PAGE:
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Unusual Help Needed for Victims of Domestic Violence in Privileged Communities

By Kiersten Warning, Director and creator of the Domestic Violence Victim Assistance Program (DVVAP)

In communities of privilege or affluence, victims of domestic violence face special challenges -- ones which those in less privileged communities may not. Some of the very characteristics we value in our community may act as obstacles when it comes to seeking or being offered help when there is violence in the home. These represent substantial challenges that impact victims' ability to leave their abusers.

Reflection upon the dynamics of a privileged community (in income, social/professional status, or education) shows the impact this privilege has upon silencing victims. It reveals a list of characteristics that are helpful in explaining the unique challenges of addressing domestic violence in a privileged community.

In one Massachusetts privileged community in MetroWest Boston, population of 19,000, one in three crimes against persons reported to the police involve domestic violence. The police responded to 4 calls involving elder abuse, 8 calls involving child abuse, and 134 calls involving domestic violence. Domestic violence comprised 7.5% of all department calls. An additional 60 calls were received from residents by the Domestic Violence Victim Assistance Program (DVVAP). Comments by community members indicate that possibly this represents only 50% of this community’s victims.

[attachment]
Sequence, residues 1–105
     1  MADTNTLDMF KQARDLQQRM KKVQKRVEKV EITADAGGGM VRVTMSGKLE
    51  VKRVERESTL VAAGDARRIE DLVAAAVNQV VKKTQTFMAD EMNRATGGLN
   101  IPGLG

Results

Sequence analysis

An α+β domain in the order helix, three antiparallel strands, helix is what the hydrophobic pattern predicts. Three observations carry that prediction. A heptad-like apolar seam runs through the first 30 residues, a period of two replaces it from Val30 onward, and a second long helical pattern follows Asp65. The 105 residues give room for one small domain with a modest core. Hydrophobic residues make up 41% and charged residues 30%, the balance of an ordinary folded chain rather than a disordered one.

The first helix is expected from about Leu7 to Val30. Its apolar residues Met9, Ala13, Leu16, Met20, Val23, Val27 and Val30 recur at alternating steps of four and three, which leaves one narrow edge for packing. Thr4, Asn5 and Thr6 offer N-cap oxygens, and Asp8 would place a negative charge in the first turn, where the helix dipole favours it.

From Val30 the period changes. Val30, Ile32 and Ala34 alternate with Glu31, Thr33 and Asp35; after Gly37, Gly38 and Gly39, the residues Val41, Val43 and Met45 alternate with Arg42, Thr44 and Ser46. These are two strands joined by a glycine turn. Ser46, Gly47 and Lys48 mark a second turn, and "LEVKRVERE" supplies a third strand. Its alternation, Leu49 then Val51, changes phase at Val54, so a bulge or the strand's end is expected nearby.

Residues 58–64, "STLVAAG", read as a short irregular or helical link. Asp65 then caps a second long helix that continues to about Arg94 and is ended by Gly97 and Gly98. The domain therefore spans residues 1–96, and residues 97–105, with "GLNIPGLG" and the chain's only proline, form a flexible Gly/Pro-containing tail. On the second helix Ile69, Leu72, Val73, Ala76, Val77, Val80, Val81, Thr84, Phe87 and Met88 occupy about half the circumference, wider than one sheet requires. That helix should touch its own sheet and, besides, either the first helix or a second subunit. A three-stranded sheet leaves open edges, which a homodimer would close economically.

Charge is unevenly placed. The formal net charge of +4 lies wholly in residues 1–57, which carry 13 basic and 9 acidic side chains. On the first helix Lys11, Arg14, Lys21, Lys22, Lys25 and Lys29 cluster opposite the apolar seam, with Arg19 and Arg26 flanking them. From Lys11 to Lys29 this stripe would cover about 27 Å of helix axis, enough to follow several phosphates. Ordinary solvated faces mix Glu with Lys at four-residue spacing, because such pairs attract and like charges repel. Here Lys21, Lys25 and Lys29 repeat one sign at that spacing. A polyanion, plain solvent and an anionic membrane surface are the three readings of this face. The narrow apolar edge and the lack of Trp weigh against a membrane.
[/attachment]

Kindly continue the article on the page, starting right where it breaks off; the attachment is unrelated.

Characteristics of Privileged Communities that May Silence Victims

Isolation. Because some parts of a Massachusetts privileged community resemble rural communities with large tracts of land and few neighbors, there is no one nearby who can hear the abuse. This physical isolation can be a critical factor in more safety planning, as there may be no one in sight or hearing to respond to a call for help.

Despite close proximity to one another in the more traditional subdivisions, neighbors are often strangers and each family is absorbed in its own activities. This social isolation prevents neighbors from developing relationships promoting intervention with a family experiencing domestic violence, even if just to contact the police during an abusive incident.

Several initiatives may be underway to address this situation. Formal community networks are working in general to promote our greater sense of community. Community-centered health, service, and faith programs are training themselves to address domestic violence with their neighbors and friends. And lastly, many communities have begun domestic violence roundtables which can be open to any interested community member; some have monthly educational meetings and some develop outreach and awareness projects.

High level of education.  Victims who call upon the services of the police and other providers in privileged communities are often professors, lawyers, doctors.  Victims ask for information about divorce, custody, property, real estate, and even banking laws that would allow them to create comprehensive escape plans. The need for a complete network of sensitive real estate agents, powerful divorce attorneys, and banking executives becomes integral in safety planning with these victims.  Advocates and community activists need to be trained well beyond the traditional domestic violence curriculum, as referral systems in privileged communities often extend far beyond therapeutic support groups.

If the victim has a high level of education, this often increases the shame and self-blame people feel about being in a battering situation. There is also a mistaken belief, even among some helping professionals, that domestic violence does not occur among well-educated people, making it difficult for victims to be readily believed.